Commodities Purchased, mimeographieal release, 1928. 

*i.Tohn D, Blaclj, Agriculture NowV, Journal of Farm Economics, April 1927, p. 161. 

»-V. 8. Bureau of Agricultural Economics. Farm Population Estimates. January 1. 1937, 
mimeographed release, June 24, 1937, tallies 2 and 3. 



employment after 1929, farm work became relatively more attractive than before 
because it promised at least a chance to obtain subsistence. The net exodus 
from farms dwindled from the average of 630,000 perf^ons a year in the 1920's 
to a mere 20,000 in 1931 (table 9). In 1932, at the bottom of the depression, 
a real increase in the numbers moving from cities back to farms occurred and 
the migratory drift of 25 years standing was temporarily reversed. According 
to the latest estimates, the "back to the farm" movement proved to have been 
much less extensive than had been supposed at the time. In 1932 there was a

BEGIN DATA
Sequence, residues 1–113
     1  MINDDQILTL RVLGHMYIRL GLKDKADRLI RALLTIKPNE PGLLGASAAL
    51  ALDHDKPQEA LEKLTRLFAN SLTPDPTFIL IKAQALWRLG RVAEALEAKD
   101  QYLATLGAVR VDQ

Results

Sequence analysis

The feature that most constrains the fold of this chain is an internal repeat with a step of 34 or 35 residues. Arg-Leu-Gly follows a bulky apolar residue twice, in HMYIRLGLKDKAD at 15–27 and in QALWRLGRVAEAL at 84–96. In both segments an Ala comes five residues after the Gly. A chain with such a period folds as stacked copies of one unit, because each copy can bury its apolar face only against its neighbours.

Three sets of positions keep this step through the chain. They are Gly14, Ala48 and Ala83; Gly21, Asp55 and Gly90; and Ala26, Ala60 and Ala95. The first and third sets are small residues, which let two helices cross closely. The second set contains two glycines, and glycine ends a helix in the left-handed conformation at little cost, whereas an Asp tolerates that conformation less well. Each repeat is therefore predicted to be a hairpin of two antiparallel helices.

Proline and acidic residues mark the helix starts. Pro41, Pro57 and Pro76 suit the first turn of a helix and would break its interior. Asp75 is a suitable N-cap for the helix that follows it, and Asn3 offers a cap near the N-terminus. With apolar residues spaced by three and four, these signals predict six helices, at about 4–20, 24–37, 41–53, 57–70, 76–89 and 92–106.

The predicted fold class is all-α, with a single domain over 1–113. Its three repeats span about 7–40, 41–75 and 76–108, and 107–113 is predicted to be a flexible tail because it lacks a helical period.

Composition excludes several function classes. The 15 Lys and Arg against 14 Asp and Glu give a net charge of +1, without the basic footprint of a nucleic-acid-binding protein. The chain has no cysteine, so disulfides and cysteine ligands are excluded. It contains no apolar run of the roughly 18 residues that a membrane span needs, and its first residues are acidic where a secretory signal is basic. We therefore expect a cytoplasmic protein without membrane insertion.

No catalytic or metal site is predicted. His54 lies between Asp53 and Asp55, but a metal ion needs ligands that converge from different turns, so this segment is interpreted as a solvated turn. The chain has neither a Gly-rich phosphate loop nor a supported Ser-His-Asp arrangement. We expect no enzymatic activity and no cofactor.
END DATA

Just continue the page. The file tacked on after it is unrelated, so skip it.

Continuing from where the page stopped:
net relocation from cities to farms of about 266,000 persons, but at the first signs 
of business recovery the numbers moving from cities to farms declined sharply. 
Since 1932 the not farm-to-ciiy movement has been resumed at a rising rate, 
which was averaged nearly 400,000 persons per year or about three-fifths of the 
net relocation during the 1920's. By 1936 the net relocation away from farms 
rose to 417,000. 

Table 9. — Numbers of persons movhuj to and from United States farms, as 
related to estimated changes in the total farm poindation^ 

Thousands of persons 

Type of change